COLUMBIA, SC Hunters are being encouraged to shoot coyotes under a state program to control populations of the wild canines, which moved into South Carolina more than three decades ago from the western United States.
The S.C. Department of Natural Resources will soon launch a program that rewards anyone who kills one of 16 coyotes the agency tags and releases, the agency confirmed this week.
People killing a coyote the agency has tagged can receive a lifetime hunting license and qualify for other prizes, the agency said.
Although some people question whether trying to kill coyotes is a good idea, South Carolina lawmakers approved the coyote bounty program during the last legislative session after hearing complaints about the animals from constituents. The DNR is now preparing to release coyotes it has trapped and tagged.
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While only 16 coyotes are to be let go, state officials want people to fire at coyotes in the hopes of killing one of the tagged animals. That is supposed to result in the deaths of more coyotes, state officials say.
South Carolina hunters already kill more than 30,000 coyotes a year, but that isn’t deemed enough, wildlife officials say.
“The reasoning behind it from the Legislature is to provide incentive to get people to attempt to take more coyotes,’’ said Jay Butfiloski, a wildlife biologist with the DNR.
Butfiloski, who did not have an estimate on how many coyotes exist in South Carolina, said his agency doesn’t expect the bounty program to eradicate the animals. But it may keep the population more manageable, he said.
Ridding the state of coyotes may be a lost cause, say state wildlife officials and others familiar with coyotes.
“You go back to the federal war on coyotes out west, there were a lot of money and resources thrown at that,’’ Butfiloski said. “They’ve not eradicated them. They are a very successful species. They are fairly elusive. They are very general in what they will eat. They are fairly prolific. That’s kind of a recipe’’ for survival.
The bounty program also includes a registration program for people interesting in shooting coyotes. Those who register by Dec. 1 and who kill one of the 16 tagged coyotes by next July could be eligible to win a centerfire rifle scope combination, the agency said. Those who kill a tagged coyote also could win a Yeti cooler, the agency said.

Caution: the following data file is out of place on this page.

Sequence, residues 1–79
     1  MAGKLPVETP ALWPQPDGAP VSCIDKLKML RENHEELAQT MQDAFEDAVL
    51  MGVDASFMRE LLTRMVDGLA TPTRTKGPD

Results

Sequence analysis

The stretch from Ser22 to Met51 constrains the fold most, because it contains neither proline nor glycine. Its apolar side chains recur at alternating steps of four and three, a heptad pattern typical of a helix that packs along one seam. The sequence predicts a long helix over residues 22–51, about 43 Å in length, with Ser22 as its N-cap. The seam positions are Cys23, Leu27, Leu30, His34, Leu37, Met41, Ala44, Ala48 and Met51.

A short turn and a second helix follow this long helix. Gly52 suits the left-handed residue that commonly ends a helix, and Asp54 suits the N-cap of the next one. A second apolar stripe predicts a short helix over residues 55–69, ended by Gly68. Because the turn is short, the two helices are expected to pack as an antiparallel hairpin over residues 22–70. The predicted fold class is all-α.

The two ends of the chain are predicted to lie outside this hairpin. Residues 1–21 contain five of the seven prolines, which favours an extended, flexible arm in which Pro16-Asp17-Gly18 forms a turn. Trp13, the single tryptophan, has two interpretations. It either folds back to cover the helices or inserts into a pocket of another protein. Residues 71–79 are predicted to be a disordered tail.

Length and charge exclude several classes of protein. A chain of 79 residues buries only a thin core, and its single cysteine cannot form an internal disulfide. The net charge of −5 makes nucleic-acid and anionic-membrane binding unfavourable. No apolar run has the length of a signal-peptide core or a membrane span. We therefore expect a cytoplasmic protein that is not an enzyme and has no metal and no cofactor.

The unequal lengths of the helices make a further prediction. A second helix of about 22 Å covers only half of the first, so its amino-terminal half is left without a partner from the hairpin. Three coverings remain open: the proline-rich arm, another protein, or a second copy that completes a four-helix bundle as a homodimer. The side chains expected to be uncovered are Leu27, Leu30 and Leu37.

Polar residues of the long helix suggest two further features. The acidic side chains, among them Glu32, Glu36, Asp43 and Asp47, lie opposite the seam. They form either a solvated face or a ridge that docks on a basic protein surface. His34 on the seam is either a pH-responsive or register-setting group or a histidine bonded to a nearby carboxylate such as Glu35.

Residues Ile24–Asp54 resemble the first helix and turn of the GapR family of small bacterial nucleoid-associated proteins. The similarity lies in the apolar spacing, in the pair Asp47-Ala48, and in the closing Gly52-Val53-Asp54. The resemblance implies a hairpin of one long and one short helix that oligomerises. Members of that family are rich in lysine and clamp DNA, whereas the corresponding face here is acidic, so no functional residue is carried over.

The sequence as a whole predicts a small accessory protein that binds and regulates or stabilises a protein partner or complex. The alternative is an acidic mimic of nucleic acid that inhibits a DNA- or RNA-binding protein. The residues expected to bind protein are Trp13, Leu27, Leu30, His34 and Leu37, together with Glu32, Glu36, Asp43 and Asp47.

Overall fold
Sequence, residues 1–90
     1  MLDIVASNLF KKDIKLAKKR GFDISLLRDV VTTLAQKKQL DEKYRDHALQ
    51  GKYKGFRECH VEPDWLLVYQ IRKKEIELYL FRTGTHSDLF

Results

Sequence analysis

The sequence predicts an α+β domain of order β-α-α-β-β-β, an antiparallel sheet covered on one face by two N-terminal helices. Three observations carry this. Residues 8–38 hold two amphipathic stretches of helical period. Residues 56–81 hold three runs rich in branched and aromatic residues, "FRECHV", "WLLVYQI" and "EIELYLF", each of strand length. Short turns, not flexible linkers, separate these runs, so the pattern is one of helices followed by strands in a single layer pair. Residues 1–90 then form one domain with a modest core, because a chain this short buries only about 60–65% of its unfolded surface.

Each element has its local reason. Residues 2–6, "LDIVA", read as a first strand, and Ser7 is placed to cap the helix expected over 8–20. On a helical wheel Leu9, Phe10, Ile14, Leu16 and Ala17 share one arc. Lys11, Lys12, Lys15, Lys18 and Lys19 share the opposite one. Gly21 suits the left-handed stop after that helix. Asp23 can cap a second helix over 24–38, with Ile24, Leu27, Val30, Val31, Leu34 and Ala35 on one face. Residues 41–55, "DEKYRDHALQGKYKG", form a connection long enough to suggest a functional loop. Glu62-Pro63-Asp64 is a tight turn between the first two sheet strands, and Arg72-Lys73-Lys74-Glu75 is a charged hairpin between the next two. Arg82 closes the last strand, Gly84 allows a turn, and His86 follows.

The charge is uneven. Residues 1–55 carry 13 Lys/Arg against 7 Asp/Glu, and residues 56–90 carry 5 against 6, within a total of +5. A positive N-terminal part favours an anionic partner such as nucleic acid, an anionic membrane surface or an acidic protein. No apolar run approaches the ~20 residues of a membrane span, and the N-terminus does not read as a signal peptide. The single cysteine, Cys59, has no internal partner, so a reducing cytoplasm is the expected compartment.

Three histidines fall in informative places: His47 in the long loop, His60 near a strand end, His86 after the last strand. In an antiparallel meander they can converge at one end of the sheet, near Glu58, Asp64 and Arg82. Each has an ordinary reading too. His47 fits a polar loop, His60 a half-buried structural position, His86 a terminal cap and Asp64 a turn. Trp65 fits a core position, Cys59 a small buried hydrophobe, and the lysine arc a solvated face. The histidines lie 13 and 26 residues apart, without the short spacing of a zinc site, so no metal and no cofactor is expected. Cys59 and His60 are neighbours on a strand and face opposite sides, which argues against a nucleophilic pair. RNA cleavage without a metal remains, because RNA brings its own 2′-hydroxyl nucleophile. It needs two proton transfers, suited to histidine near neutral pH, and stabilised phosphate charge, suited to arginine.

Coyotes are wild canines that began moving into South Carolina in 1978 near Walhalla and Pickens, according to the DNR. Some walked to the Palmetto State, while others apparently were imported by hunters to train dogs for fox hunting or other sports, Butfiloski said.
Now, they are considered a public nuisance by deer hunters, farmers and homeowners. Hunters say coyotes are killing deer fawns and reducing populations of the much-sought-after game. Farmers say their livestock is threatened. Some homeowners say coyotes are threats to domestic pets, and the animals have been seen in some urban areas near Charleston. State wildlife officials said the resilient canines also have gobbled rare sea turtle eggs on coastal islands.
Author John Lane, who wrote the recently published “Coyote Settles the South,’’ said southerners must get used to living with the animals.
“Coyotes always seem to be underappreciated, little understood and always unpredictable,’’ Lane wrote in his book. “Unlike out west, there aren’t many stories yet in the South about living with them.’’
Coyotes are larger than foxes but smaller than wolves, typically weighing about 30 to 45 pounds in South Carolina. They are grayish brown and are most active at twilight and through the night, according to research Butfiloski has done.
A coyote has a keen sense of smell, good eyesight and can run up to 40 mph, according to a report Butfiloski co-wrote on coyote biology and control. They range in areas of up to 20 square miles. They usually hunt alone or in pairs, according to his report.